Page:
We got to hang out with Sgt Slick last Saturday – his first time in Boston! For an hour before his midnight set at Gypsy Bar, we got to interview the Australian DJ/producer and chat music biz, recommend restaurants to hit during his stay, and find out where his name came from.
Your sound has bounced between progressive to deep to electro house. What did you start with?
► In Australia, I started doing parties and private parties where I got a good ground in pleasing varied crowds. I played pretty much everything when I started and then narrowed it to house after two or three years of experience.
Are there any genres you want to experiment with that you have not tried yet?
► I spend all week in the studio so I get a lot of time to try different things. Since being in the US, I’m moving into things like trap and a little bit of hip-hop. I’m up for anything.
What do you use to produce?
► Ableton. I switched from Logic about three years ago because I saw some people doing things that just blew me away, like using racks and macros. [Ableton] is so flexible. You hear people saying Logic is “the program,” but there are so many things hiding underneath the foot of Ableton that blow Logic out of the water. I just got Ableton 9 and am loving it.
Did you start as a DJ or producer?
► I started with DJ’ing and was doing that for probably two years before starting to produce. I get bored very quickly, so once I kind of mastered the DJ’ing side of things, I wanted to try what was next. I knew I wanted to be in music but I didn’t have the patience at the time to learn a new instrument, so I started cutting up edits and megamixes and things like that, and gradually adding synth lines, drum machines and loops.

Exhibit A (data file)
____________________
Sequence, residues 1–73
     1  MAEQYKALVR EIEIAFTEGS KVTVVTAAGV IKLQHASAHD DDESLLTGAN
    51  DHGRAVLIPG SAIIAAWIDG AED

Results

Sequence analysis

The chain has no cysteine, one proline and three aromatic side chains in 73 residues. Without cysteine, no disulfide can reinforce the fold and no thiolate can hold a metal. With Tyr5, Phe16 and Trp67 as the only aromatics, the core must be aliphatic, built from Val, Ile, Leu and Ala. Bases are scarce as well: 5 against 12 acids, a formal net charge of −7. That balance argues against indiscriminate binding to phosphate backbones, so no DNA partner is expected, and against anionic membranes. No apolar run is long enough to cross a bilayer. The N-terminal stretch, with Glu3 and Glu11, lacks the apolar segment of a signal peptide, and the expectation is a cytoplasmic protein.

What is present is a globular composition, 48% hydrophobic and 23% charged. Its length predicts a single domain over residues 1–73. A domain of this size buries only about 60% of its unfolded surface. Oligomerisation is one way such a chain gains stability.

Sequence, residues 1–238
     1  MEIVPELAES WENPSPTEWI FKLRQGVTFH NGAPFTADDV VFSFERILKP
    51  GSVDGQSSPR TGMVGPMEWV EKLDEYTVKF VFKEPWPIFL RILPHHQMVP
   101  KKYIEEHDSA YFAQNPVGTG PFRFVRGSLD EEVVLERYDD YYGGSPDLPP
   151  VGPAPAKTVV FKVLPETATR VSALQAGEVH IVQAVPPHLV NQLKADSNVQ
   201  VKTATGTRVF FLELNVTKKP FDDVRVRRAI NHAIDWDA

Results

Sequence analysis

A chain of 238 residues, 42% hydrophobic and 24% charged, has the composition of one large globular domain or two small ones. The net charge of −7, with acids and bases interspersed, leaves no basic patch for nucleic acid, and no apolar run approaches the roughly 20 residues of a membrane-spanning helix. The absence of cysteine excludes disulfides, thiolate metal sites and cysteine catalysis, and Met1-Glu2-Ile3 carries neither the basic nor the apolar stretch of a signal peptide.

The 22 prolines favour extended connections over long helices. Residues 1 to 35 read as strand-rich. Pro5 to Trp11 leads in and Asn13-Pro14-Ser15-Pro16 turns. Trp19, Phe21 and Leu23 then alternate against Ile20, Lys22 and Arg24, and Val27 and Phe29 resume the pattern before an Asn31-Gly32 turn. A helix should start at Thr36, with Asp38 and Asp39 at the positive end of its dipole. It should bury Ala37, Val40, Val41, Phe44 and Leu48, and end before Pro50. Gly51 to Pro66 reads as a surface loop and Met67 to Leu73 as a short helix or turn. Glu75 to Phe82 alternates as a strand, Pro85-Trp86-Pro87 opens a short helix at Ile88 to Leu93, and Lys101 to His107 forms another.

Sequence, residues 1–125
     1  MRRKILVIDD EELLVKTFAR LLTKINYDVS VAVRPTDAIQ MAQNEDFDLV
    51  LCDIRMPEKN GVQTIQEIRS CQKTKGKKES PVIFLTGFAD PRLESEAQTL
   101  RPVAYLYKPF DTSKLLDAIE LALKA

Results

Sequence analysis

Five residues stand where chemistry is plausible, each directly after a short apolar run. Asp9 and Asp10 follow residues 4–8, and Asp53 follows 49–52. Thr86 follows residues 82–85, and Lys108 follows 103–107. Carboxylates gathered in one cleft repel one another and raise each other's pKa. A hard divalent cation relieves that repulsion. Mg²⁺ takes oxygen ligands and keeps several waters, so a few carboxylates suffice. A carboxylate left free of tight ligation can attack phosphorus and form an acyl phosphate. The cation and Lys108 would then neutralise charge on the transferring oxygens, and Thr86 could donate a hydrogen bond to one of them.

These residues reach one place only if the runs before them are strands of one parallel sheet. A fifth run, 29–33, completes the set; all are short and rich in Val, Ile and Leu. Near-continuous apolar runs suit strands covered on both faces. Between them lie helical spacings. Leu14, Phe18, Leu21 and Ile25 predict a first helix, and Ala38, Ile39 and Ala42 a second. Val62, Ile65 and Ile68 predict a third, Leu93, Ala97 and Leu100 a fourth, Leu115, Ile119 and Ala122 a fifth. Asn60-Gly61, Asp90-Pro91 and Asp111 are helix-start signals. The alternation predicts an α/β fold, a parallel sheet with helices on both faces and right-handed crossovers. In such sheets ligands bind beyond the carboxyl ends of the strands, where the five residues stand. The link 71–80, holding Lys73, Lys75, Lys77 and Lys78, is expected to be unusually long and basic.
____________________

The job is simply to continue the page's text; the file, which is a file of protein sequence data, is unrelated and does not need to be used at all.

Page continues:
When you got into producing, was it due to an urge to create something of your own, or was it more like sensing an opportunity to fill a void?
► I had been playing other people’s records and noticing gaps in the records that I wanted to fill up. That’s how it started, just adding beats to other records and re-editing. A lot of guys start that way. The void, the more you add, the more you take away… before you know it, you’re really making your own music without knowing how you got there.
Between DJ’ing and producing, is there one you feel more comfortable doing?
► Not really. One kind of drives the other for me. I can’t see myself doing one without the other. Obviously any DJ will tell you they use DJ sets as research as a testing ground for the new productions and I’m exactly the same way. I try and get out as much as I can. Even if I’m not DJ’ing, I’m in clubs listening to other DJs and surrounding myself with as much music as I can.
Are you currently working on any collaborations with other artists?
►Plenty, but none I can really talk about yet. I’ve been in LA for six or seven months now and got a great opportunity with DJ Vice. We had been working on things together and I eventually made the move to come over here. We have a studio set up in downtown LA and I’m doing a lot of remixes, placements, collaborations, and writing with different people. LA is amazing for that.
What do you think of LA?
►It’s an amazing place. You can go out seven nights a week and there’s someone amazing playing… there will be three or four amazing people playing. As I said, I go out a lot to try and soak myself in as much of the scene and culture as I can. That’s why I’m here.